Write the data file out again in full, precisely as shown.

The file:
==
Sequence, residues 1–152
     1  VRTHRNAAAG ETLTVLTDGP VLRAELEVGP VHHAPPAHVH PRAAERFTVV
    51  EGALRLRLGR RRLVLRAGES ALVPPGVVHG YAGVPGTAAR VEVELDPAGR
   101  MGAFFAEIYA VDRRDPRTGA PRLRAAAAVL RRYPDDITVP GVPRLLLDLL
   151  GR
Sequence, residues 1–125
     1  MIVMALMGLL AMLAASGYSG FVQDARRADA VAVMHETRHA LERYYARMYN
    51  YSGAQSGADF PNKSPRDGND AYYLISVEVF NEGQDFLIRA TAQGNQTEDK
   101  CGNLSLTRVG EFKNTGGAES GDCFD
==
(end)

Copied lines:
Sequence, residues 1–152
     1  VRTHRNAAAG ETLTVLTDGP VLRAELEVGP VHHAPPAHVH PRAAERFTVV
    51  EGALRLRLGR RRLVLRAGES ALVPPGVVHG YAGVPGTAAR VEVELDPAGR
   101  MGAFFAEIYA VDRRDPRTGA PRLRAAAAVL RRYPDDITVP GVPRLLLDLL
   151  GR
Sequence, residues 1–125
     1  MIVMALMGLL AMLAASGYSG FVQDARRADA VAVMHETRHA LERYYARMYN
    51  YSGAQSGADF PNKSPRDGND AYYLISVEVF NEGQDFLIRA TAQGNQTEDK
   101  CGNLSLTRVG EFKNTGGAES GDCFD